He listed some of these as political actors, candidates vying for elective positions, the electoral umpire, the security agencies, and all other groups involved in monitoring elections.
“This forum is designed to provide the actors an opportunity to address editors about their preparations for the 2023 general elections.
“Editors will also use this forum to seek clarifications on different issues and ask critical questions on matters relating to the elections.
“This is in line with our resolve to bring the right information to the electorate ahead of the elections,” he said.
The News Agency of Nigeria reports that the forum had editors from various media organisations in attendance.
Ghana today declared the end of the Marburg virus disease outbreak that was confirmed almost two months ago.
It was the first time the highly infectious hemorrhagic fever had been detected in the West African country.
Ghana's Ministry of Health made the statement after no new cases were reported in the past 42 days, or two incubation periods, the time between infection and the onset of symptoms.
In total, three confirmed cases, including two deaths, were reported in the outbreak declared on July 7, 2022 after laboratory confirmation of the virus that affected the Ashanti, Savannah and Western regions of the country.
A total of 198 contacts were identified, monitored and completed their initial recommended observation period of 21 days, which was later extended for a further 21 days out of an abundance of caution by Ghanaian health authorities.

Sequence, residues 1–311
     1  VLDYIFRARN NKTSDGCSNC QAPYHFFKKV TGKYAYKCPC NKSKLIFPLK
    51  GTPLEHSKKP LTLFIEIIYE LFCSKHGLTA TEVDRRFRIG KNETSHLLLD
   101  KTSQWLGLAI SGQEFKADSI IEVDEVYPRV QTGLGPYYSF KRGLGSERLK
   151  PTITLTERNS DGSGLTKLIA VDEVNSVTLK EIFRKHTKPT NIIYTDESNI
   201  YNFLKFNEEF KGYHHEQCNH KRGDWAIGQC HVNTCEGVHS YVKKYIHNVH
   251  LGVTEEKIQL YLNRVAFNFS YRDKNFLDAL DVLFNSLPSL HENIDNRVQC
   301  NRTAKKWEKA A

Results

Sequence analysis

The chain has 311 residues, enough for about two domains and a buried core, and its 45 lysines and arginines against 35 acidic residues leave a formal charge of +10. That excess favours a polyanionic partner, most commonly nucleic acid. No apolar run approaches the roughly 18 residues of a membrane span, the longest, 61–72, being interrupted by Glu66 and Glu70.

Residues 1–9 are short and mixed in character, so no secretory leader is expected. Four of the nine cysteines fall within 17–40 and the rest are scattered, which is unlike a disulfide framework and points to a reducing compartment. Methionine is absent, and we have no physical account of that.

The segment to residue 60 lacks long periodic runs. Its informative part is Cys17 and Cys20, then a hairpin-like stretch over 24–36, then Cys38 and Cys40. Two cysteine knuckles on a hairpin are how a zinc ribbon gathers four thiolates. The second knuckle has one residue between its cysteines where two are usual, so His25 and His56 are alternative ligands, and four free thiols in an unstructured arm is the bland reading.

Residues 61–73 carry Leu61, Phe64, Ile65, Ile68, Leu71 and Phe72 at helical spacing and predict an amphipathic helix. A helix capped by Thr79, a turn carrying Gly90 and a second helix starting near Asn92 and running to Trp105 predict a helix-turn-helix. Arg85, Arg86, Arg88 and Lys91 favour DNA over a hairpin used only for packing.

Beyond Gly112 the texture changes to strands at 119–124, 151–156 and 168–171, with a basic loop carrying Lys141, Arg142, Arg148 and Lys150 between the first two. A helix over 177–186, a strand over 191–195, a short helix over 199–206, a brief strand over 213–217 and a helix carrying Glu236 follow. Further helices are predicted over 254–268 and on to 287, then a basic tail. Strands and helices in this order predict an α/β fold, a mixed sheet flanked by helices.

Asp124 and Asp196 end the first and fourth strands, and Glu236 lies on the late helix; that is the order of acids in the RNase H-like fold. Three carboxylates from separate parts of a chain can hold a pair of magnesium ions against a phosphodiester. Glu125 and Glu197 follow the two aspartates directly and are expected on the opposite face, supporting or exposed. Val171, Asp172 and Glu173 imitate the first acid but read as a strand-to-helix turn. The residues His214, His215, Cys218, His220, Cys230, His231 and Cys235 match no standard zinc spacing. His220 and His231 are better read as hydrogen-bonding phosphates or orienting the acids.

Health authorities, with the support of the World Health Organization (WHO) and other health partners, rapidly implemented outbreak control measures, intensified disease surveillance, testing, contact tracing, clinical care, in addition to raise public awareness and work with communities to support disease prevention efforts.
Marburg is a highly infectious disease in the same family as Ebola and has a high mortality rate of between 24% and 88%.
“Marburg is a scary disease as it is highly infectious and deadly.
There are no vaccines or antiviral treatments.
Any outbreak from Marburg is a huge concern,” said Dr. Matshidiso Moeti, WHO Regional Director for Africa.
“Despite having no prior experience with the disease, Ghana's response has been swift and robust.
Lives have been saved and people's health protected thanks to an effective disease detection system that helped to quickly identify the virus and enabled a rapid response to stop the spread of infection."
The Marburg outbreak in Ghana was the second of its kind in West Africa.
Guinea reported a single case in an outbreak that was declared over in September 2021.
In Africa, previous outbreaks and sporadic cases have been reported in Angola, the Democratic Republic of the Congo, Kenya, South Africa, and Uganda.